Illegal Immigration: Costs — [Graham Stringer in the Chair]

Part of the debate – in Westminster Hall am 12:01 pm ar 7 Mai 2024.

Danfonwch hysbysiad imi am ddadleuon fel hyn

Photo of Adam Holloway Adam Holloway Ceidwadwyr, Gravesham 12:01, 7 Mai 2024

I apologise for my hoarse voice. I did not want to interrupt my hon. Friend Dame Andrea Jenkyns by intervening on her, but I want to make the point that, the way that the laws are currently interpreted, virtually the entire populations of many countries would be given asylum if they could only make it to Britain. That is not lost on those making these daily boat crossings.

I think I am the only Member of Parliament to try to get smuggled into this country from Calais, which I did when I made a TV programme some years ago. I lived in the old Sangatte camp. My observation is very much the same as that of my hon. Friend: these were overwhelmingly fit young men seeking a better life. Some of the asylum seekers are fleeing torture, albeit not claiming asylum in the first countries they come to. Many others are economic migrants doing what many of us might try to do if we were in their shoes. This debate is about costs, but I add a point about the costs facing asylum seekers and their families: it is generally the more wealthy people who can pay smugglers for help to get to the United Kingdom. Others face taking out huge loans and becoming bonded. It is not cheap and illegal economic migrants are rarely the poorest or the most needy of the people coming from a given country.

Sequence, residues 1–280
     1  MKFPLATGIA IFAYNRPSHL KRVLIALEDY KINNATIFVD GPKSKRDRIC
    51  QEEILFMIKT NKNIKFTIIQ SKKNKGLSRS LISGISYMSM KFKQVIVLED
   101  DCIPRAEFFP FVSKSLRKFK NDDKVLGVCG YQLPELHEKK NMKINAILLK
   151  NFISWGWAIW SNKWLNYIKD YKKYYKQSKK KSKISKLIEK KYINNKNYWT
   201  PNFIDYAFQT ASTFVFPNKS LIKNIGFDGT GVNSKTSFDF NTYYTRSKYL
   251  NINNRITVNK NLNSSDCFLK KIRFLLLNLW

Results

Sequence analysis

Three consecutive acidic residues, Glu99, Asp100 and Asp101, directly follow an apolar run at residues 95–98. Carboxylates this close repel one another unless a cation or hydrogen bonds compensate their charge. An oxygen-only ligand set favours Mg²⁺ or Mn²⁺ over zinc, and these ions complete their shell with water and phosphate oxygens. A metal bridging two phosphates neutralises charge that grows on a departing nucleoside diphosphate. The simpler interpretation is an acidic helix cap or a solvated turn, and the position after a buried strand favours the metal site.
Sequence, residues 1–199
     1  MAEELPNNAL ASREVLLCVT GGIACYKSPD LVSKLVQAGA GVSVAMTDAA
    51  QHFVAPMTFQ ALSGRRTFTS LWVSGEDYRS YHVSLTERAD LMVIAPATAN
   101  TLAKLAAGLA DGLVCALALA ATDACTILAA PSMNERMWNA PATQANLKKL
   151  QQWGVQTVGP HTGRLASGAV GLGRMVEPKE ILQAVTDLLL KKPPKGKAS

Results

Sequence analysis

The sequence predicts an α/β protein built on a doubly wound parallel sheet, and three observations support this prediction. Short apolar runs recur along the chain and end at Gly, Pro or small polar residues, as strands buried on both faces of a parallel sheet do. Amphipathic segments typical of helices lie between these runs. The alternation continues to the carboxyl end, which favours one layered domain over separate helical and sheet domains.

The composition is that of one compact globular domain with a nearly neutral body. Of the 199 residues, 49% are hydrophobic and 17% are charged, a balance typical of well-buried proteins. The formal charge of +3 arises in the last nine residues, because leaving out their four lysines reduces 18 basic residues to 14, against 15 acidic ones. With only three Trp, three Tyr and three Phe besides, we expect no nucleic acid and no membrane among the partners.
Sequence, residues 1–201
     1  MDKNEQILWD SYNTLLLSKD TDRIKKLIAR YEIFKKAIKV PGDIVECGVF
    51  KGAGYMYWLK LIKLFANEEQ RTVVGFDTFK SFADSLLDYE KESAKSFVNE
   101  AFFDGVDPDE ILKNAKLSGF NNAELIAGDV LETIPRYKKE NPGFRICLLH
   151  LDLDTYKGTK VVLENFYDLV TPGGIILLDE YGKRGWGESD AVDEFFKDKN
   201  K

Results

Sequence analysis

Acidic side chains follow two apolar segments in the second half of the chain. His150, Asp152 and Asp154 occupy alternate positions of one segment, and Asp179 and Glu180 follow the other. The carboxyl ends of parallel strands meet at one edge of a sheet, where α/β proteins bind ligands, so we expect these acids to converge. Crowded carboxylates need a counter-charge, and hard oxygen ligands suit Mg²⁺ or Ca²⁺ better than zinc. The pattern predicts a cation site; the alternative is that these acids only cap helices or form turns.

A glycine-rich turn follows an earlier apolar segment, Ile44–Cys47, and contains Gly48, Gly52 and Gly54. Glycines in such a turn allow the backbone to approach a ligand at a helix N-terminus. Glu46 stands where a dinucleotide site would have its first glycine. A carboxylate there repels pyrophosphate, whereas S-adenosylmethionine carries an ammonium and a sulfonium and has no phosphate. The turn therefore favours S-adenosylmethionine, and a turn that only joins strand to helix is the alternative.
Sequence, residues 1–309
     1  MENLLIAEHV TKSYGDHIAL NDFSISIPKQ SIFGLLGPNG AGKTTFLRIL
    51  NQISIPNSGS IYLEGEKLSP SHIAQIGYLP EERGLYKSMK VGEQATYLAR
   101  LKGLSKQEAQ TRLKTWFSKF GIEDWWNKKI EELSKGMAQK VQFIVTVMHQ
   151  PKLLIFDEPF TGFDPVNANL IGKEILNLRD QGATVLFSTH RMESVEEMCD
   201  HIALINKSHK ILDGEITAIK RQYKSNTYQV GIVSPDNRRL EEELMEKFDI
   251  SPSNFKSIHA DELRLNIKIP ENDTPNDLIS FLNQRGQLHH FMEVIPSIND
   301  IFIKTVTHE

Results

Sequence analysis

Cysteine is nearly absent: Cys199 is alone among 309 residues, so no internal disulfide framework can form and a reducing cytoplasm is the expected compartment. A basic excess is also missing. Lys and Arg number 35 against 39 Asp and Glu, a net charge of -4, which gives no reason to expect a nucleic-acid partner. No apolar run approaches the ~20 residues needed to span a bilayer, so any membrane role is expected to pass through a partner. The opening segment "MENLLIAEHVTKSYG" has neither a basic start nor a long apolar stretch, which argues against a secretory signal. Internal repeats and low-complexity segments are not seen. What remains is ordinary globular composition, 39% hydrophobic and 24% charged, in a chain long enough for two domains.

Many costs have been shared in this debate, but some are hidden and I would like to highlight some that indirectly affect people in Gravesham. I mention these costs not begrudgingly—it goes without saying that anyone who comes here should be treated with compassion and dignity—but the debate has been called in the spirit of openness and transparency, and it is very important. So often the harshest critics of the Government’s immigration policy are those who are well insulated from the pressures and costs that immigration places on public services. For example, in Kent, unaccompanied children claiming asylum are looked after by social workers and staff until they can be found homes across the country. Staff are recruited from the same pool of potential recruits.

I understand that children from Albania disappear from local council protection most frequently, and the concern is that this is a result of traffickers and gangs taking them onward to whatever fate awaits them. Obviously, this has reduced, perhaps as a result of the deal the Government struck with the Albanian Government in December 2022—one of the success stories of the Government’s immigration policy. That is obviously good news. However, I am reliably informed that Vietnamese children still go missing, requiring additional protection, searching and police intervention whenever they are missing from their home or transition centre. That undoubtedly brings cost to people relying on the police and social care for support.

We also have to think about housing and healthcare. Immigration has obviously increased our local population, and there is a huge hidden cost felt by people in Gravesham who are searching for a home or medical treatment. The purchasing power of the Home Office is keenly felt by local councils and people. We are also facing a great deal of pressure because of people moving out of London because of higher rents; they move to Kent, where it is a bit cheaper, but that effectively inflates rents and makes it harder for local people. We have both the direct and indirect financial costs, but there is also the cost of the emotional drain on local people as they try to be welcoming while facing the impact on their own lives.